Five more women will appear on US quarters in 2023

After honoring the likes of Maya Angelou and Sally Ride in the first edition of its American Women Quarters program, the agency has selected a new group of trailblazing women to be celebrated on American currency: pilot Bessie Coleman, journalist and activist Jovita Idár , hula teacher Edith Kanakaʻole, former first lady Eleanor Roosevelt and ballerina Maria Tallchief.
These five women will appear on the reverse of select coins beginning next year, while the obverse of the coins will feature a portrait of George Washington designed by 20th-century sculptor Laura Gardin Fraser. This year’s pioneers made contributions in fields ranging from aviation to activism and the arts.
Bessie Coleman took to the skies as the first African-American woman pilot and the first Native American. Although she was rejected from US aviation schools due to her race and gender, she was not discouraged and began learning French so she could apply to overseas aviation programs (she eventually earned a pilot’s license). international in 1921). Her fearless spirit also carried over into the air, where she was known for performing flips and flips and figure eights, and she encouraged other women and African-Americans to reach for the skies as well.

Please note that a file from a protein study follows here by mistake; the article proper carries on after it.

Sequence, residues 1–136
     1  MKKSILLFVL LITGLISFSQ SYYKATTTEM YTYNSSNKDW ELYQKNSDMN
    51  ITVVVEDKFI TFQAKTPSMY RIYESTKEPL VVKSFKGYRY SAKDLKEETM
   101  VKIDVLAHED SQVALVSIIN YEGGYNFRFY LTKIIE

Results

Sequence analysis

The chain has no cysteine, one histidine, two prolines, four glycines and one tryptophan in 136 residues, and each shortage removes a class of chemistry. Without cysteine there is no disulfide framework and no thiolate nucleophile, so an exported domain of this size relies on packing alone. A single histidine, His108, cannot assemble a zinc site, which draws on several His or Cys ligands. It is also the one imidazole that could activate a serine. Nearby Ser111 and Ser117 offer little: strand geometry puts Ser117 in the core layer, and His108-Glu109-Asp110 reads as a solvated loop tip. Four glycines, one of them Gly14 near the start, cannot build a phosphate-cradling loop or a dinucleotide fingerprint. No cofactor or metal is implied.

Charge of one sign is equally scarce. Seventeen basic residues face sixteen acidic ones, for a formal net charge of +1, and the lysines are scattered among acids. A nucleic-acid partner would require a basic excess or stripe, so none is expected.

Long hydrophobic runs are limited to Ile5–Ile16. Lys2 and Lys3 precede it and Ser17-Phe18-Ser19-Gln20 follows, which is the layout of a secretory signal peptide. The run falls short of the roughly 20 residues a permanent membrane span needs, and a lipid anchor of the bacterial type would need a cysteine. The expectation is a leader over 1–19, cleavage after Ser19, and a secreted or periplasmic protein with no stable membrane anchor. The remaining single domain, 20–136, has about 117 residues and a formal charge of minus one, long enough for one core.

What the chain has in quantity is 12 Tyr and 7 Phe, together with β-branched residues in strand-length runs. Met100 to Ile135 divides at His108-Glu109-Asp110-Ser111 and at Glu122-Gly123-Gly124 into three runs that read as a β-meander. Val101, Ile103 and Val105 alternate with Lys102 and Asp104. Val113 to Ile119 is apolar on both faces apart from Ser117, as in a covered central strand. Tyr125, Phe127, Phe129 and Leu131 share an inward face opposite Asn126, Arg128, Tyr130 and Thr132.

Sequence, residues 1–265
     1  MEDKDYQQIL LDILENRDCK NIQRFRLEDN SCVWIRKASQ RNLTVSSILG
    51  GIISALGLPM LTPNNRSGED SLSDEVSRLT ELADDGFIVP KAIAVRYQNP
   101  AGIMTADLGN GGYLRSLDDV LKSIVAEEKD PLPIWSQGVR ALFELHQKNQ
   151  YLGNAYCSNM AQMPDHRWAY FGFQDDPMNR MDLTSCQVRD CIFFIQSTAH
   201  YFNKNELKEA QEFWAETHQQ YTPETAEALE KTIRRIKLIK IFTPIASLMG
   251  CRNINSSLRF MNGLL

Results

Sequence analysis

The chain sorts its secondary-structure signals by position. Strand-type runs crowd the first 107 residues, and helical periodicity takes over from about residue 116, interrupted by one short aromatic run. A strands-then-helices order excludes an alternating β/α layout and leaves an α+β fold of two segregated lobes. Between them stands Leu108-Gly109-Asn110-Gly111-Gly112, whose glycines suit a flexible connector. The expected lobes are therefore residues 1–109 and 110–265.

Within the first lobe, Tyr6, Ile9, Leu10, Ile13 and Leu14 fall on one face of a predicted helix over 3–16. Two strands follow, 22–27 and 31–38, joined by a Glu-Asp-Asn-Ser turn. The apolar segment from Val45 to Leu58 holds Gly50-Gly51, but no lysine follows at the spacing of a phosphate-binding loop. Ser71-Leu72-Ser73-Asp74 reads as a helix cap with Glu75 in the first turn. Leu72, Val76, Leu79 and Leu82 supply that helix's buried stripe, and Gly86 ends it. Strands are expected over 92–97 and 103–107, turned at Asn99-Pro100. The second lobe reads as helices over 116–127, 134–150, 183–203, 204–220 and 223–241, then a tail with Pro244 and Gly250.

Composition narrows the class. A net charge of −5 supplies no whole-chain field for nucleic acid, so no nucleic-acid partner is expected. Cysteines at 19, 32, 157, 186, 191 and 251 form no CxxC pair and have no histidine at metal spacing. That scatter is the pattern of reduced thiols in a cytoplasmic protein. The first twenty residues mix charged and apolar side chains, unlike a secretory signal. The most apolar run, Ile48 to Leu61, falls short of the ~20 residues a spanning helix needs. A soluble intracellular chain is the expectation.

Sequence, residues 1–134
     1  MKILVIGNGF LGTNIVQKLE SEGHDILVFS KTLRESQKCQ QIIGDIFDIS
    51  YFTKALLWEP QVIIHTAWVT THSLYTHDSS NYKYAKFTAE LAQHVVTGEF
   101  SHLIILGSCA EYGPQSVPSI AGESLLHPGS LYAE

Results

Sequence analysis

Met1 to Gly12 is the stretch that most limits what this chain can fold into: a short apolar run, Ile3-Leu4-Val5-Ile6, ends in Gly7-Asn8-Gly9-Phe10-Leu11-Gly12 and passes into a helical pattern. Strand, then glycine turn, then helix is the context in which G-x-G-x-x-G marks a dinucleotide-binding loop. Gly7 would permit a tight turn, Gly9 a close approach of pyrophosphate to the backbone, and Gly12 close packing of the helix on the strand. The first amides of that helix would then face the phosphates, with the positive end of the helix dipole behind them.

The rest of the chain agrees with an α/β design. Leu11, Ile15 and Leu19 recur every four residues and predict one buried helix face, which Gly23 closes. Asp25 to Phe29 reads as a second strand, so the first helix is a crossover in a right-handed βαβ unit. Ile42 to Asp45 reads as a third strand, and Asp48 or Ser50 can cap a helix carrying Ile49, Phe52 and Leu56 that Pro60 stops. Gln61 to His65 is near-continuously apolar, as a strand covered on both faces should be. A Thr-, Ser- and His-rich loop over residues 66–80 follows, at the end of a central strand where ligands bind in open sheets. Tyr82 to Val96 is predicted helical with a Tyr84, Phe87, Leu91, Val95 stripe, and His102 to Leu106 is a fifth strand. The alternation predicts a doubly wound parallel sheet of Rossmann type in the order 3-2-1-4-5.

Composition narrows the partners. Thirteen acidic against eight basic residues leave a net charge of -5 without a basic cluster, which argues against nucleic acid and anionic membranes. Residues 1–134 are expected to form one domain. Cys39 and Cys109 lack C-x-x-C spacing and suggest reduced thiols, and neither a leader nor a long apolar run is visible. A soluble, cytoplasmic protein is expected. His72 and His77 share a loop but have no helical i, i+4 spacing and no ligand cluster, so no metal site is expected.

As a journalist and activist, Jovita Idár spoke out against the racism faced by Mexican-Americans in the early 20th century, and she did not back down from intimidation. When the Texas Rangers shut down her newspaper after she wrote an article criticizing President Woodrow Wilson’s decision to send troops to the southern border, she stood her ground and defended her gates.
Eleanor Roosevelt was one of the most influential first ladies in US history, using her platform to champion causes like racial justice, women’s suffrage, and disability rights. She continued her activism even after her time in the White House, she went on to chair the United Nations Commission on Human Rights and helped write the 1948 United Nations Declaration of Human Rights.
Edith Kanakaʻole was an indigenous Hawaiian hula teacher who helped preserve her native culture and traditions as part of the Hawaiian Renaissance of the 1970s. Breaking barriers as a Native American dancer, Maria Tallchief is considered the first American prima ballerina.

“The range of accomplishments and experiences of these extraordinary women speak to the contributions women have always made in our country’s history,” Ventris C. Gibson, deputy director of the U.S. Mint, said in a statement. “I am proud that the Mint continues to connect America through coinage by honoring these trailblazing women and their groundbreaking contributions to our society.”

Treasury Secretary Janet Yellen selected the 2023 honorees with input from the Smithsonian Institution’s American Women’s History Initiative, the National Museum of Women’s History and the Bipartisan Congressional Women’s Caucus, according to the House. of US Currency

The American Women Quarters Program, which released its first batch of quarters this year, will continue through 2025, honoring five women with five quarters each year.

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